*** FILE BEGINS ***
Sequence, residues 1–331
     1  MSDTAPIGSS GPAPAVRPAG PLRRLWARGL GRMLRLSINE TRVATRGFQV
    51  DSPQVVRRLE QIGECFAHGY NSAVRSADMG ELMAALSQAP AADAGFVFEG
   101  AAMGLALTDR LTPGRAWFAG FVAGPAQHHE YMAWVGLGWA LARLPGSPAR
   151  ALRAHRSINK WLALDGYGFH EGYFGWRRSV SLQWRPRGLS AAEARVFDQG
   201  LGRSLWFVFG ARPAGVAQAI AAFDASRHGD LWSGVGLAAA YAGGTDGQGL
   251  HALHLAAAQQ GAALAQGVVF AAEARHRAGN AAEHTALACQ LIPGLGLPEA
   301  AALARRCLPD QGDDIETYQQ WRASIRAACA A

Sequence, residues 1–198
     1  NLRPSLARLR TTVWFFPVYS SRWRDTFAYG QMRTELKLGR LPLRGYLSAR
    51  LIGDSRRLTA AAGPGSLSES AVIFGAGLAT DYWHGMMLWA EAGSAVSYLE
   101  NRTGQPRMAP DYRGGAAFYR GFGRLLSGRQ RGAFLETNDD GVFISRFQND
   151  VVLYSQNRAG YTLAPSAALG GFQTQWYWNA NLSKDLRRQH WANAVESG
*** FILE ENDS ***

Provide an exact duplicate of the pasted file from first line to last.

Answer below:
Sequence, residues 1–331
     1  MSDTAPIGSS GPAPAVRPAG PLRRLWARGL GRMLRLSINE TRVATRGFQV
    51  DSPQVVRRLE QIGECFAHGY NSAVRSADMG ELMAALSQAP AADAGFVFEG
   101  AAMGLALTDR LTPGRAWFAG FVAGPAQHHE YMAWVGLGWA LARLPGSPAR
   151  ALRAHRSINK WLALDGYGFH EGYFGWRRSV SLQWRPRGLS AAEARVFDQG
   201  LGRSLWFVFG ARPAGVAQAI AAFDASRHGD LWSGVGLAAA YAGGTDGQGL
   251  HALHLAAAQQ GAALAQGVVF AAEARHRAGN AAEHTALACQ LIPGLGLPEA
   301  AALARRCLPD QGDDIETYQQ WRASIRAACA A

Sequence, residues 1–198
     1  NLRPSLARLR TTVWFFPVYS SRWRDTFAYG QMRTELKLGR LPLRGYLSAR
    51  LIGDSRRLTA AAGPGSLSES AVIFGAGLAT DYWHGMMLWA EAGSAVSYLE
   101  NRTGQPRMAP DYRGGAAFYR GFGRLLSGRQ RGAFLETNDD GVFISRFQND
   151  VVLYSQNRAG YTLAPSAALG GFQTQWYWNA NLSKDLRRQH WANAVESG